Proposition 51: NO. Authorizes $9 billion in general obligation bonds for public school buildings, charter schools, vocational education facilities and community college campuses. The bonds would be paid off over 35 years at a cost of about $17.6 billion, including interest. There has not been a state bond for schools facilities since 2006 so it may seem as if we are ready for a new one. This proposition would provide matching funds for local school districts but there is a provision that removes the ability of local school districts to pass on fees to developers of other projects such as office buildings or housing to pay for school construction. While many districts pass local bond measures, this would allow for some to get state funding as well but there is no guarantee that will happen and would inhibit their ability to require local developers to pay for their impact on schools. In an area such as San Mateo County, this will provide a hardship because of our population growth. Statewide school bonds help schools. The Legislature should place one on the ballot that does not preclude local development fees. VOTE NO.
Proposition 52: YES. Extends a law passed by the state Legislature that imposes fees on hospitals to fund health care for low-income Californians through the state’s Medi-Cal program. The fees help the state receive federal matching dollars but have been taken by the Legislature during state budget shortfalls. Proposition 52 would make the fee and the law permanent, making it harder for the Legislature to use the money for other purposes. While the Legislature has extended this law in the past, and will likely do so in the future, this proposition disallows borrowing from the fund for other purposes, which the Legislature may not stipulate in the future. VOTE YES.
Proposition 53: NO. Requires voter approval before revenue bonds exceeding $2 billion can be issued. While its main proponent, a wealthy Stockton farmer and businessman, says the ballot initiative is not solely aimed at blocking Gov. Jerry Brown’s Delta tunnel plan to divert water to Southern California, it would largely affect that project and others such as high-speed rail. It also has the possibility of snaring a host of other projects with a price tag of more than $2 billion and require a statewide vote before construction could begin. It would add another layer to large state and some local construction projects and has the possibility of delaying them. If the goal is to stop the Delta tunnel project, the focus should have been on that. VOTE NO.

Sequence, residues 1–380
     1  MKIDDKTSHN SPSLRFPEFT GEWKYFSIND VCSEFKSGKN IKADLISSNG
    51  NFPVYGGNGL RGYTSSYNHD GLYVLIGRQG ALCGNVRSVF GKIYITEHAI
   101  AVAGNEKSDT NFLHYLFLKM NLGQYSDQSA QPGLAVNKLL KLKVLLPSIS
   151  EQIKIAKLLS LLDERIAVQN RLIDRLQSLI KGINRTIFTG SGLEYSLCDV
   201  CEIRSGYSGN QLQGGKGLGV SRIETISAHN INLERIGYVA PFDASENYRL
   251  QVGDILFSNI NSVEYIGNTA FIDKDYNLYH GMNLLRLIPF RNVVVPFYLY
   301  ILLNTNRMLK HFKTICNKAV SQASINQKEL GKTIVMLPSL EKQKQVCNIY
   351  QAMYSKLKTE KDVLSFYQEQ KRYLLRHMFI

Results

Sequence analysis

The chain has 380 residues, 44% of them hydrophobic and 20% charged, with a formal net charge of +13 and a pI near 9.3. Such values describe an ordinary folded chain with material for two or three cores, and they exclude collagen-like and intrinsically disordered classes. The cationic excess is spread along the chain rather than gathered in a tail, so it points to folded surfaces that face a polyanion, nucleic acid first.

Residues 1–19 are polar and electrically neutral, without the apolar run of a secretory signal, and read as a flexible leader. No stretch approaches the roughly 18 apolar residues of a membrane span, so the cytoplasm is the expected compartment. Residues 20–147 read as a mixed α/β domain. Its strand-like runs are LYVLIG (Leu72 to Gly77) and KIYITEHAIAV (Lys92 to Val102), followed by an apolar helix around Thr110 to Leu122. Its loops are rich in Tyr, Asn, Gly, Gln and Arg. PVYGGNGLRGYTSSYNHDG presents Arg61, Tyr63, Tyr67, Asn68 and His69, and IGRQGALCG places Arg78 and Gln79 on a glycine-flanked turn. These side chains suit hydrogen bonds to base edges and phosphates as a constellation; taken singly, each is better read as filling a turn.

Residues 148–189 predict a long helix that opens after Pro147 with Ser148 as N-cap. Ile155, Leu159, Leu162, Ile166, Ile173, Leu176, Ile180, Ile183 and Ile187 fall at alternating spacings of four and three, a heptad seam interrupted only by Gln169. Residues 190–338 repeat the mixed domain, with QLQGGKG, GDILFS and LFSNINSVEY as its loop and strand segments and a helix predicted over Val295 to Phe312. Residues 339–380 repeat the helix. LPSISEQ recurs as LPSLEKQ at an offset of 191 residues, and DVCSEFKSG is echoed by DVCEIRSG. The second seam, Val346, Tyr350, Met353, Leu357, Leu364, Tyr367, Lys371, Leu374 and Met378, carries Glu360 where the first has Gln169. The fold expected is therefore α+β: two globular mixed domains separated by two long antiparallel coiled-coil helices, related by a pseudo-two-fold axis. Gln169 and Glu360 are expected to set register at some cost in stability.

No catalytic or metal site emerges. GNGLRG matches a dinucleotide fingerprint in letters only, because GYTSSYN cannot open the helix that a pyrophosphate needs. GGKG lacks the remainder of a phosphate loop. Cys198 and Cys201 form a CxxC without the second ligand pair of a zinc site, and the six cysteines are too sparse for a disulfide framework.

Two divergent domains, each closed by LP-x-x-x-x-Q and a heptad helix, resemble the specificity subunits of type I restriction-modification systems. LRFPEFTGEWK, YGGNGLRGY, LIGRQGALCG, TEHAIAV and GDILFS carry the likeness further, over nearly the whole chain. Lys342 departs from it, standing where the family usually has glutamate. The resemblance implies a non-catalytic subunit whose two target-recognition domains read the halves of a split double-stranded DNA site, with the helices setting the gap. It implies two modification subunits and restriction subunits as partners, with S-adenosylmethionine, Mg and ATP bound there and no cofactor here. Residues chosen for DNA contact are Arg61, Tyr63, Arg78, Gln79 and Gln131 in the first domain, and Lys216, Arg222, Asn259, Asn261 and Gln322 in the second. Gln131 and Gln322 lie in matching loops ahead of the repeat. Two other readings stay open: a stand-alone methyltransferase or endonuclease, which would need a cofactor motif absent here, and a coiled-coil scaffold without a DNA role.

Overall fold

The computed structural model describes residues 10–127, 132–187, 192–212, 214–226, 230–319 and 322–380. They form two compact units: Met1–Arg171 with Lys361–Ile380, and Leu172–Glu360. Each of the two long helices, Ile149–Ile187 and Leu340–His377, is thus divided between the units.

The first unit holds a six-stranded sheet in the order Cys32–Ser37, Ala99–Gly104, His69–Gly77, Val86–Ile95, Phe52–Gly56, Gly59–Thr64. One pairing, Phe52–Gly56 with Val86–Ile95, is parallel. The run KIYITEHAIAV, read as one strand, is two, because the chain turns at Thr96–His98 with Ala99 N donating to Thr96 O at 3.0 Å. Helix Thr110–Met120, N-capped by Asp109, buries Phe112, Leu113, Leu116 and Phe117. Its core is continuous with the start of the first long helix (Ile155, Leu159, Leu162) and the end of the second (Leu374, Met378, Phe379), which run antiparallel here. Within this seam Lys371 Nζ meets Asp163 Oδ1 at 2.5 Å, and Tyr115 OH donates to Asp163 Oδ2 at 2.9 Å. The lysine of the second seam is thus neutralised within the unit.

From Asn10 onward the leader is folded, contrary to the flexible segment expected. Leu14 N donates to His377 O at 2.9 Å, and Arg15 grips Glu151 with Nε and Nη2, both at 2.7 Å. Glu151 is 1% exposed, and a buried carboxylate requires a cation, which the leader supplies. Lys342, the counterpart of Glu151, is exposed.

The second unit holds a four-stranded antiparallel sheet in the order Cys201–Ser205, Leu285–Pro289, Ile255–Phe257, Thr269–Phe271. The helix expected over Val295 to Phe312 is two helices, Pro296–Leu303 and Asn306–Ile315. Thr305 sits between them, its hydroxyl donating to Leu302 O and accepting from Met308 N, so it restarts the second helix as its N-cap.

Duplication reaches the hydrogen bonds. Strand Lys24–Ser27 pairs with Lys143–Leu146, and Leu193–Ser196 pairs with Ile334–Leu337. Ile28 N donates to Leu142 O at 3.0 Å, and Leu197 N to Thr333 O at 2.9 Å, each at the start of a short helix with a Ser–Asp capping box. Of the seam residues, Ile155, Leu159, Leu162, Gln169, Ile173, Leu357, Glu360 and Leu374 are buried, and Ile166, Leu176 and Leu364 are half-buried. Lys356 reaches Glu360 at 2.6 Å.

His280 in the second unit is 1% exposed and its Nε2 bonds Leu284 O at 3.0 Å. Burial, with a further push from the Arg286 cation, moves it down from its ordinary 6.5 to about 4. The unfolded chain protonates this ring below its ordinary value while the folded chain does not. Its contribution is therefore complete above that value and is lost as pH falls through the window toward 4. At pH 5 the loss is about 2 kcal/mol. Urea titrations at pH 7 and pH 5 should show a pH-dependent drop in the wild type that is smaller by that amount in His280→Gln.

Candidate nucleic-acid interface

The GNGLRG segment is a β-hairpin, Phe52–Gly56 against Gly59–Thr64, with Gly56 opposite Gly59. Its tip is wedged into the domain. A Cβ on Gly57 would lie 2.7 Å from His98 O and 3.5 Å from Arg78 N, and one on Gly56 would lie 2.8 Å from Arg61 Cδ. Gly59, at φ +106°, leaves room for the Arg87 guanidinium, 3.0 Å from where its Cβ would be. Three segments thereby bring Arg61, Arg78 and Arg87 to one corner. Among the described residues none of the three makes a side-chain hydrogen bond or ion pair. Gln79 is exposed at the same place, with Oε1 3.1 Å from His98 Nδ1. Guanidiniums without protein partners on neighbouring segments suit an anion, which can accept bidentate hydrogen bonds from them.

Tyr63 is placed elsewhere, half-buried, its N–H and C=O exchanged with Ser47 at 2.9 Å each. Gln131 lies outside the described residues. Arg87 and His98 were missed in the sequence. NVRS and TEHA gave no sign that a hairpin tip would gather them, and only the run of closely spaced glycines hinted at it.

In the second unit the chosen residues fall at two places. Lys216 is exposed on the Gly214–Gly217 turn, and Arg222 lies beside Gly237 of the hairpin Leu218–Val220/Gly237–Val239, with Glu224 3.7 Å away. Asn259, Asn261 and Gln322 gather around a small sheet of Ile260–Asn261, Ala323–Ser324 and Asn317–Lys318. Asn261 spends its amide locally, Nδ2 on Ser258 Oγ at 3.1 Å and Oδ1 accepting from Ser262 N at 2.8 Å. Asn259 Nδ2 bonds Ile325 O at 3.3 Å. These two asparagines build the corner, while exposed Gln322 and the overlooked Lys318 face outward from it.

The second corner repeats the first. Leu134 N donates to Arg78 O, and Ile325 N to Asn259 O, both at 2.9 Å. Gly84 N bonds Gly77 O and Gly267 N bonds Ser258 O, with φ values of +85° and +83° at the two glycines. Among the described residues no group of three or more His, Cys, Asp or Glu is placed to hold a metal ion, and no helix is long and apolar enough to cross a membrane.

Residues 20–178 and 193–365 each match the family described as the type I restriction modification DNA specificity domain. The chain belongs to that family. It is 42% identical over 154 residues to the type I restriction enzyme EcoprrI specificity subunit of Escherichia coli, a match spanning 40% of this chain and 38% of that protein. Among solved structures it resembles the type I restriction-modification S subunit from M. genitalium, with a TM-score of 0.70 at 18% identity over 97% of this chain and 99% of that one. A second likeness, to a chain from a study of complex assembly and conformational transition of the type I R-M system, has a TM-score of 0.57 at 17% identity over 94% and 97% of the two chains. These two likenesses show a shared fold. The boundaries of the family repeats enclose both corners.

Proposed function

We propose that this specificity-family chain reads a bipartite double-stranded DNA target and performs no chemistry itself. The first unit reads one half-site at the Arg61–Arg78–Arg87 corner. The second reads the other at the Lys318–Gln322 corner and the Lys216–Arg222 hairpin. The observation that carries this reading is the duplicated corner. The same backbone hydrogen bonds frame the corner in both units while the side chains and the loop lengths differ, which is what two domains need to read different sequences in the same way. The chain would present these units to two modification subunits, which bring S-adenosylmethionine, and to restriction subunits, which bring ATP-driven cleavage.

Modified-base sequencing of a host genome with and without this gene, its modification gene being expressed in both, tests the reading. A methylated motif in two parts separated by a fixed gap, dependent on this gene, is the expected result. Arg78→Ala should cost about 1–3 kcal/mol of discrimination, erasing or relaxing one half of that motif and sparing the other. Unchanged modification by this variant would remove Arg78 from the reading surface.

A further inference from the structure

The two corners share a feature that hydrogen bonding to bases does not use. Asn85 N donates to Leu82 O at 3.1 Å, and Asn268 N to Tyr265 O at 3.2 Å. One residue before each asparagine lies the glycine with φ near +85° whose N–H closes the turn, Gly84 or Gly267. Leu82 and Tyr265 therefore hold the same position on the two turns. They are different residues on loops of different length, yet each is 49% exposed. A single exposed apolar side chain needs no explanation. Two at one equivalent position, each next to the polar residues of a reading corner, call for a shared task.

Proposition 54: YES. Requires the Legislature to publish bills for at least 72 hours before a vote and to post videos of legislative proceedings online. While opponents suggest this ballot initiative would squash last-minute deal-making and possibly even promote lobbying by providing three days of public review before a bill has a vote, it would also allow for more public review and even more time for legislators to read on what they are voting. Legislators could accommodate this change by simply reconfiguring their schedules. It is a small price to pay for more transparency. VOTE YES.
Proposition 55: YES. Voters first approved higher tax rates for those making more than $250,000 and couples making more than $500,000 in 2012 with the passage of Proposition 30. That ballot initiative included a quarter-cent sales tax increase to help make up for the state’s budget shortfall. Proponents of Proposition 55 wisely dropped the sales tax and instead focused on the income tax for high income earners. This ballot initiative would extend it for another 12 years, raising about $4 billion to $9 billion per year for schools, community colleges, Medi-Cal and budget reserves. VOTE YES.
Proposition 56: NO. Raises cigarette taxes by $2 to $2.87 per pack and hikes taxes on other tobacco products and nicotine products used with electronic cigarettes. Money raised, about $1 billion, would go toward low-income health care. Tobacco taxes are regressive and hit low-income residents most. If this tax raise’s intent is to discourage smoking, it should not also draw tax revenue from electronic cigarettes, which many use as a way to stop smoking. VOTE NO.
Proposition 57: NO. Gives corrections officials more say in when criminals are released and strips prosecutors of the power to decide when juveniles should be tried as adults. Promoted by Gov. Jerry Brown, it is another measure to reduce the state’s prison population as mandated by federal judges. The state has spent significant effort in recent years, starting with realignment in 2011 — which shifted many state prisoners to county jails — to reduce prison population. In 2014, California voters passed Proposition 47, which reduced penalties for certain crimes. This initiative would take it a step further and allow for earlier parole aside from sentencing enhancements for gang affiliation or use of a firearm. The state is still absorbing and determining the effects of Proposition 47 and we should wait before allowing more prisoners into parole. It would also take power away from local prosecutors and judges and place it in the hands of state officials. VOTE NO.